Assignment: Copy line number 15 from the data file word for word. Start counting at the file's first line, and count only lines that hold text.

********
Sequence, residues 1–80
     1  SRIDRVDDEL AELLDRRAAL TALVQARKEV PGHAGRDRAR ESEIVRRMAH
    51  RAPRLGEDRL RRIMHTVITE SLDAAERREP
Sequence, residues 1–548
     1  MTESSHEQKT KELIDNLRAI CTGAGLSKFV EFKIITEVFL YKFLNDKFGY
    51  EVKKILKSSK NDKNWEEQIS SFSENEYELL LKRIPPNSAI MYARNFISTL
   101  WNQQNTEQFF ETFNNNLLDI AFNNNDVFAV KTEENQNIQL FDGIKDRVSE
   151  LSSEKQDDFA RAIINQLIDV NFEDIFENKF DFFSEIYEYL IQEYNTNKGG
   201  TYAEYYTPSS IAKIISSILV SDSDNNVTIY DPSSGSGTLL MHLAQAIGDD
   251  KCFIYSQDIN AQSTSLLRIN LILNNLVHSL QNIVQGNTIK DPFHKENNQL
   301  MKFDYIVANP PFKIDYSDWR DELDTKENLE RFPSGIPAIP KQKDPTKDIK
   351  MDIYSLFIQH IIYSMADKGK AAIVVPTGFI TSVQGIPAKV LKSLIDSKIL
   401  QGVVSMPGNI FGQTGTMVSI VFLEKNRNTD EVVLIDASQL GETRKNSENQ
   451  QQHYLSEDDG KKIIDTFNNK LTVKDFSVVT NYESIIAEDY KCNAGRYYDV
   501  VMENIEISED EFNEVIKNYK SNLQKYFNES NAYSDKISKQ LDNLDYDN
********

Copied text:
   501  VMENIEISED EFNEVIKNYK SNLQKYFNES NAYSDKISKQ LDNLDYDN